Fact: the first thing people notice about us is our eyes, and until I discovered a new product (game-changer), my red eyes were making me feel and look older than my years.
After turning 50 a few years back, my dry eyes (thanks, menopause!) have definitely been my #1 beauty bummer, because my eyes always looked red and irritated!
They get irritated from even the most gentle breeze, sometimes leaving me with mascara in more places than my lashes. I hate that.
But older women aren’t the only ones suffering this dry spell resulting in red eyes; the condition affects older men nearly as much.
Marguerite McDonald, an ophthalmologist on Long Island, N.Y., calls dry-eye disease (DED) “a progressive condition that represents a huge unmet need.” In all but the mildest cases, McDonald says, DED has a “significant impact” on your quality of life. And with younger people increasingly unable to tear their gazes away from their gadgets, she adds, DED is becoming a cross-generational eye-health issue: “We now see patients of both genders and all ages with clinically significant dry eye in need of treatment.”
What causes dry eye? In addition to being a woman who has gone through menopause (which causes dryness from head to toe) here are the five biggest risk factors:
- Video displays. Staring at a computer/tablet/smartphone screen increases chronic DED, because it decreases the frequency of blinking, which contributes to dryness.
- Contact lenses. DED rates are the same for contact wearers older and younger than 50.
- Medications and supplements. Antihistamines, benzodiazepine and antidepressants are associated with dry eye in all age groups.
- Laser vision surgery. In a survey of nearly 800 patients who had undergone a PRK (photorefractive keratectomy) or LASIK (laser-assisted in situ keratomileusis) procedure, nearly half reported occasional eye dryness more than three months later.
- The environment. Indoor offices have been shown to result in chronic dry eye. Two culprits: air-conditioning and the need to maintain an upward gaze when sitting before a computer.
To figure out what to do about my dry eyes, I recently visited my eye doctor who put me on a course of prescription-only Xiidra, which did not work for me at all. Then, we switched to the tried-and-true Restasis, and that seems to be the golden ticket to keep my eyes from becoming overly dry and irritated. Yay!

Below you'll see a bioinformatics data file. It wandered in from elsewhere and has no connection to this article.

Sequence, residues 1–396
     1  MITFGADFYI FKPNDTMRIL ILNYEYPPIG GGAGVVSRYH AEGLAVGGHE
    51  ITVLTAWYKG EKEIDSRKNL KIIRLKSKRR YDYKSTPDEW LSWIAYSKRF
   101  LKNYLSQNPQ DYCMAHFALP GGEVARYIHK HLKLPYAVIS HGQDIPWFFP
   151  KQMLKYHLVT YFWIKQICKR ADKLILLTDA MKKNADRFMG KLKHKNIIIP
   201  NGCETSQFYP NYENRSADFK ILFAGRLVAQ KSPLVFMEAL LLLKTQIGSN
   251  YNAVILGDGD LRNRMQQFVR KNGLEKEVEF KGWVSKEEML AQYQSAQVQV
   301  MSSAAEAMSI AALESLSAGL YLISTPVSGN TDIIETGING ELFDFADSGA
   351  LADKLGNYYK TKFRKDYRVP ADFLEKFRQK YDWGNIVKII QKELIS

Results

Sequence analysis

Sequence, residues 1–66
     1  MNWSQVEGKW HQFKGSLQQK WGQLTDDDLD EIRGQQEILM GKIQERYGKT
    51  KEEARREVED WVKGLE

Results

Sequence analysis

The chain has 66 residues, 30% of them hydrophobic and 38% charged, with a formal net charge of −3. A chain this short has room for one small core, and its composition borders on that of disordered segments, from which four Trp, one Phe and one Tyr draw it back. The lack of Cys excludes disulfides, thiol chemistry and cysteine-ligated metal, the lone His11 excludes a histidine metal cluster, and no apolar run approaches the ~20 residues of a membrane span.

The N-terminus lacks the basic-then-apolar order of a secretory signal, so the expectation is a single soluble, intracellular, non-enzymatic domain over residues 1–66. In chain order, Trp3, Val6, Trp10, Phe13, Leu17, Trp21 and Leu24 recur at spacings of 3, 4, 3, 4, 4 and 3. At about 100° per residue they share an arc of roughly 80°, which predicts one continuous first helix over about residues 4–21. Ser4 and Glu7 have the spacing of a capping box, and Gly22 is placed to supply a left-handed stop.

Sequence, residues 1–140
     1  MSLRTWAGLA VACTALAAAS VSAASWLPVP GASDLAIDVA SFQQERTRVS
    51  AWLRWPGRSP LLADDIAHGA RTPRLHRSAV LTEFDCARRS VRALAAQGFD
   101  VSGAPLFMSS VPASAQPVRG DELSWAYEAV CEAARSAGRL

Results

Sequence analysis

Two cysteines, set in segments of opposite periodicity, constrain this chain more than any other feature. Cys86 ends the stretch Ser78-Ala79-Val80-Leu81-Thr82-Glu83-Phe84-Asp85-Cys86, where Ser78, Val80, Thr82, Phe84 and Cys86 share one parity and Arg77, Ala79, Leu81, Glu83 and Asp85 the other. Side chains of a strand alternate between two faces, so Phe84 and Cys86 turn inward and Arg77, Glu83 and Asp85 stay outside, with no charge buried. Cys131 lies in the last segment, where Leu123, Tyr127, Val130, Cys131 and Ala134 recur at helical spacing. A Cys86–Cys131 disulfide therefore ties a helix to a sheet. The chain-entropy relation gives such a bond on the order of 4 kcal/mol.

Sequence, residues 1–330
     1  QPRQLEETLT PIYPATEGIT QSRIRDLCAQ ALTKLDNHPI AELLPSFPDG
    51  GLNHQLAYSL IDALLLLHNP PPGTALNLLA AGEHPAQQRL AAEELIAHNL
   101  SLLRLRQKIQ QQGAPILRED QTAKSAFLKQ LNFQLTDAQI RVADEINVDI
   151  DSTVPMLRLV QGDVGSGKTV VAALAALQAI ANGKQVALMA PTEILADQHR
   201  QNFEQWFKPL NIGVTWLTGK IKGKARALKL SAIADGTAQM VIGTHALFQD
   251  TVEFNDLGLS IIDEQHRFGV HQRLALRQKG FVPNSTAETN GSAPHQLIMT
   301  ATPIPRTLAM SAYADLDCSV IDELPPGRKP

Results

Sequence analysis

But, even with this help for my dry eyes, my eyes sometimes still look more red than they should, which isn’t very attractive, especially when I’m doing something “public” like giving a book talk. Just recently, however, the brilliant minds at Bausch + Lomb have come out with a new product that is very exciting indeed: Lumify. According to the press kit, Lumify is the first and only redness relieving over-the-counter eye drop, formulated with low dose brimonidine tartrate (something used in glaucoma meds), the key ingredient which relieves redness in a minute (and lasts for 8 hours!) without the usual “rebound redness effect” we commonly experience with “those other” drops. This product has changed my life! After one drop in each eye, my eyes are clear, bright, and white. I asked my doctor about using Lumify along with my other drops (moisturizing and Restasis) and she said “Go for it!”
Finally, I’ve got the right products to help with the dryness (Restasis and preservative-free moisturizing drops) AND the absolutely best product to get rid of the red (Lumify)!
Some other eye-relieving tips include: blink regularly in order to keep them moist, take a break from your computer screen every 20 minutes or so and wear sunglasses to protect your eyes outdoors, and definitely use preservative-free moisturizing drops throughout the day. That combined with regular use of prescription-only Restasis has been working for a few months. If the problem persists or worsens, make an appointment with an ophthalmologist — which you should be doing once a year anyway. (This is especially important in the case of dry eyes, because a sensation of grit in the eye is one of the symptoms of Graves’ eye disease, also known as thyroid eye disease.)
So what’s the beauty angle, you ask? My biggest concern is keeping my eye makeup from contributing to the problem. Here are three ways to do that.
- Top lashes only. Wear non-waterproof mascara on your upper lashes only, and don’t let the wand touch your lash line. My two new favorites are IT Cosmetics Superhero mascara and Trish McEvoy Tubular mascara. At night, remove with an oil-free cleanser.
- Keep powder off lids. To add a little color — and lots of staying power — smooth on a light layer of eyelid primer or cream eye shadow. Avoid powdered eye shadows; their tiny specks can float into your eyes, making them even more red and irritated. Origins, a company that likes to ballyhoo its “natural skin care” products for those with sensitive skin or eyes, offers neutral shades such as GingerZing and Sugar Peach. My go-to eye shadows are Clinique Chubby Sticks — one in a light neutral color from brow to lid and the other in a medium brown for the crease.
- Play up your brows. You can get away with less eye makeup if your brows are beautifully groomed and full. Not sure how to get that Ava Gardner look? This video below offers a few tips.
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